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Thursday, March 14, 2013

Power of PING

In our respective interactions with various networks accessible to us.....as administrators we keep pinging so many IPs for testing the connectivity at various times like ping 192.121.23.1 etc....and we get a response...but ping it self has so many switches that most of us hardly use......i came across a chart today that in a summarized form tells the switches of ping command with examples and a brief explanation.....sharing here with you...thanks http://www.activexperts.com

ping -c countping -c 10Specify the number of echo requests to send.
Ping -dping -dSet the SO_DEBUG option.
Ping -fping -fFlood ping. Sends another echo request immediately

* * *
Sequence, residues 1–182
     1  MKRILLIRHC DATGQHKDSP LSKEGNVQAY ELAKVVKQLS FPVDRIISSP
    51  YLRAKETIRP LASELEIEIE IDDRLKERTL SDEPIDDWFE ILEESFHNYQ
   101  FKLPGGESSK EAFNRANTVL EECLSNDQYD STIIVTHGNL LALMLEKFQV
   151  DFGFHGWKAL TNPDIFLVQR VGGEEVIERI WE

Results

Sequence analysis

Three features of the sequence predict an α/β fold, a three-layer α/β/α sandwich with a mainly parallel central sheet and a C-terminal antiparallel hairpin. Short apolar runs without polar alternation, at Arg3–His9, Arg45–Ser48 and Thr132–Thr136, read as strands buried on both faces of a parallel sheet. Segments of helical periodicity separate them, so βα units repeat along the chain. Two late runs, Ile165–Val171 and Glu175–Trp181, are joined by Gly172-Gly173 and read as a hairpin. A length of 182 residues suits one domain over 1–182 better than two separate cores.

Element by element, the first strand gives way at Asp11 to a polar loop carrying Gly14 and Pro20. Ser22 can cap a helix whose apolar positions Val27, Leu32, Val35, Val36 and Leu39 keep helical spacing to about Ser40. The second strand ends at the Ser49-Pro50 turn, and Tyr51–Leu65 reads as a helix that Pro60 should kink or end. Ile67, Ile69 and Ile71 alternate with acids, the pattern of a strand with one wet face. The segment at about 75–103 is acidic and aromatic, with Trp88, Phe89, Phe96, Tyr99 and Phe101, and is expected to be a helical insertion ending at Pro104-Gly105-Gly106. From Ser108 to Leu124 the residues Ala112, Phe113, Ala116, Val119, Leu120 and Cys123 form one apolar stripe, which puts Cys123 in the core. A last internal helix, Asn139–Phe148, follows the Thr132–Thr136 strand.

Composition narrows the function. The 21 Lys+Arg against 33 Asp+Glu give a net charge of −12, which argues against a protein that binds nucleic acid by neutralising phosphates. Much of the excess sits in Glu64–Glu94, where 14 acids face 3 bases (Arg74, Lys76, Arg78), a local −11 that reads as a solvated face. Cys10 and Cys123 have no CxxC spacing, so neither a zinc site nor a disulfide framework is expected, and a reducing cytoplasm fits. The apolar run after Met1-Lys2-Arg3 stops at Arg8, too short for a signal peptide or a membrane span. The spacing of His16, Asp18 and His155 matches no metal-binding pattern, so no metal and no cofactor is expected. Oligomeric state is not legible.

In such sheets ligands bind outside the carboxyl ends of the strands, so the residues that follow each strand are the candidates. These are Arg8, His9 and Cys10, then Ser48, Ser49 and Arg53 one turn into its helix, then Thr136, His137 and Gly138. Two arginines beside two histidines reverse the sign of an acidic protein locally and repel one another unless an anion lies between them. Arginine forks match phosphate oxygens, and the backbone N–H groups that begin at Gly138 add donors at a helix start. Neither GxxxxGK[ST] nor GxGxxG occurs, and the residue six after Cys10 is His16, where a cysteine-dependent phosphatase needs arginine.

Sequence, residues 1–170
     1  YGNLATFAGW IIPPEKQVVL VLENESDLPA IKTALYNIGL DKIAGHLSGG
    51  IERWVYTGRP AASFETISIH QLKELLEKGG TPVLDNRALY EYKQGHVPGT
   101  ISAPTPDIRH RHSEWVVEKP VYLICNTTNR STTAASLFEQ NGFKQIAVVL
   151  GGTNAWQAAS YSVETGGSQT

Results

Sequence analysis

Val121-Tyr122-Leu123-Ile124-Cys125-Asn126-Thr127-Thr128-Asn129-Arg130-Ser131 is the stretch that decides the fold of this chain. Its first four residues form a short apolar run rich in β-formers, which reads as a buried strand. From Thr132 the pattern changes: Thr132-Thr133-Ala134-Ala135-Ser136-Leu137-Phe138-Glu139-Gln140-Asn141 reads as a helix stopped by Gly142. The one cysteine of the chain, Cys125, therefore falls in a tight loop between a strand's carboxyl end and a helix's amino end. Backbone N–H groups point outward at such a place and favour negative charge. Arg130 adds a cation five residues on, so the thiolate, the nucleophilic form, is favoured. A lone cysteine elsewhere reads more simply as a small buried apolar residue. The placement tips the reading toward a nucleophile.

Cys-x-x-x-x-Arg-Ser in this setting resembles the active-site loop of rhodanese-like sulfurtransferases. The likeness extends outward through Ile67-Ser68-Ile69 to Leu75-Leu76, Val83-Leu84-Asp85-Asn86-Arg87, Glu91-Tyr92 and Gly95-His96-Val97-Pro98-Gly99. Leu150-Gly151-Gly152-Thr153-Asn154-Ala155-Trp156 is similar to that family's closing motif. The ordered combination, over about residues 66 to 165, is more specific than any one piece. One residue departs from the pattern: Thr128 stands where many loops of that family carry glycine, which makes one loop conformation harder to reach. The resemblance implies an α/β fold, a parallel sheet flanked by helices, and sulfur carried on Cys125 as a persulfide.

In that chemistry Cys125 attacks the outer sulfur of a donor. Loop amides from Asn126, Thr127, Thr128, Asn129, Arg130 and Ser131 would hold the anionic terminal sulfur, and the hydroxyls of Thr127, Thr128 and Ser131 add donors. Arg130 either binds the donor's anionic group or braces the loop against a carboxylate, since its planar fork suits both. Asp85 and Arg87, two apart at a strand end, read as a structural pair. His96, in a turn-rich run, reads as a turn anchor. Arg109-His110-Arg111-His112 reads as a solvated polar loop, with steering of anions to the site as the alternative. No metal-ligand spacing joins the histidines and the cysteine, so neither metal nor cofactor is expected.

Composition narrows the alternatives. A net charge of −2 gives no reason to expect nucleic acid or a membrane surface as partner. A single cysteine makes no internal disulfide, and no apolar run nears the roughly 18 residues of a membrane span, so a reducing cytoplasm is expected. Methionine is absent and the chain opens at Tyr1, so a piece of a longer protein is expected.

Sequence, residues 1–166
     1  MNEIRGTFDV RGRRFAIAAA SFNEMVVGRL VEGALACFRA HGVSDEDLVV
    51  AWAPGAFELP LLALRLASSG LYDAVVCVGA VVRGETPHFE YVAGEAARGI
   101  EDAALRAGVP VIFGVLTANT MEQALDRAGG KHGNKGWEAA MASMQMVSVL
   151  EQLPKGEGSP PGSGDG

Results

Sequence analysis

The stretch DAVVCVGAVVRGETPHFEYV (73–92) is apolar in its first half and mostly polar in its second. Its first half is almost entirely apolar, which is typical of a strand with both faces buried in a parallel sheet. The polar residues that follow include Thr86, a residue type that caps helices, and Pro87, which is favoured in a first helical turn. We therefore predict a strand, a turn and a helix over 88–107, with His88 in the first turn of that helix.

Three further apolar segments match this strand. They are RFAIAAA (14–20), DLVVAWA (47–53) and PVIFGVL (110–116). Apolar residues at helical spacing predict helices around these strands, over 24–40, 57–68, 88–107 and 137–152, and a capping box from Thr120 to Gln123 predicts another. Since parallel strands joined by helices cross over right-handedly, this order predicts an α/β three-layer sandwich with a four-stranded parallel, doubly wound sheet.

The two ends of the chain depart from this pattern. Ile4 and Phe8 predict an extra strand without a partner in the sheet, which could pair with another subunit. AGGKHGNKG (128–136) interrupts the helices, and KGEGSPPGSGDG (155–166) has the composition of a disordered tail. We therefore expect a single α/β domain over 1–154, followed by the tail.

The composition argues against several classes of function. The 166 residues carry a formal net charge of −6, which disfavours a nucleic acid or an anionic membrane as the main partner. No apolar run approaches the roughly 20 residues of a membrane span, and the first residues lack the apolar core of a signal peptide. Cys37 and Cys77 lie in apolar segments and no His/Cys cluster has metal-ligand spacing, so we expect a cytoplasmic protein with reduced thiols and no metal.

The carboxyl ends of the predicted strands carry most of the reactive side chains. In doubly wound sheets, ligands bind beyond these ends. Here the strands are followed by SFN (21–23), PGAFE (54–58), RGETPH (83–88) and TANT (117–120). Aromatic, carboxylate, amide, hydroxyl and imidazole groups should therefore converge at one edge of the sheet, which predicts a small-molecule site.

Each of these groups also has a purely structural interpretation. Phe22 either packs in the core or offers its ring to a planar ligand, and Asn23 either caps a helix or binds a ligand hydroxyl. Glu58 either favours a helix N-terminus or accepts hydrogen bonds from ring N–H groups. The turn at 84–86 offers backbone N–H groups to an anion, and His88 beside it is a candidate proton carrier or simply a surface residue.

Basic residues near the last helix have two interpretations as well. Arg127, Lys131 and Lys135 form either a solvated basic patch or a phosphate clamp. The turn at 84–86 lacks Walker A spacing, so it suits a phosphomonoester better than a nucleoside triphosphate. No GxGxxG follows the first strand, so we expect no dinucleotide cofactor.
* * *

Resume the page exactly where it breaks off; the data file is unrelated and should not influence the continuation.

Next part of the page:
after receiving a reply to the last one.
Only the super-user can use this option.
Ping hostping 121.4.3.2Specify the host name (or IP address) of computer
to ping
ping -i waitping -i 2Wait time. The number of seconds to wait between
each ping
ping -l preloadping -l 4Sends "preload" packets one after another.
Ping -nping -nNumeric output, without host to symbolic name lookup.
Ping -p patternping -p ff00Ping Pattern. The example sends two bytes, one
filled with ones, and one with zeros.
Ping -qping -qQuiet output. Only summary lines at startup and
completion
ping -rping -rDirect Ping. Send to a host directly, without using
routing tables. Returns an error if the host is not on
a directly attached network.
Ping -RPing -RRecord Route. Turns on route recording for the
Echo Request
packets, and display the route
buffer on returned packets (ignored by many
routers).
ping -s PacketSizeping -s 10Sets the packet size in number of bytes, which will
result in a total  packet size of PacketSize plus 8
extra bytes for the ICMP header
ping -vping -vVerbose Output. Lists individual ICMP packets, as well    
as Echo Responses

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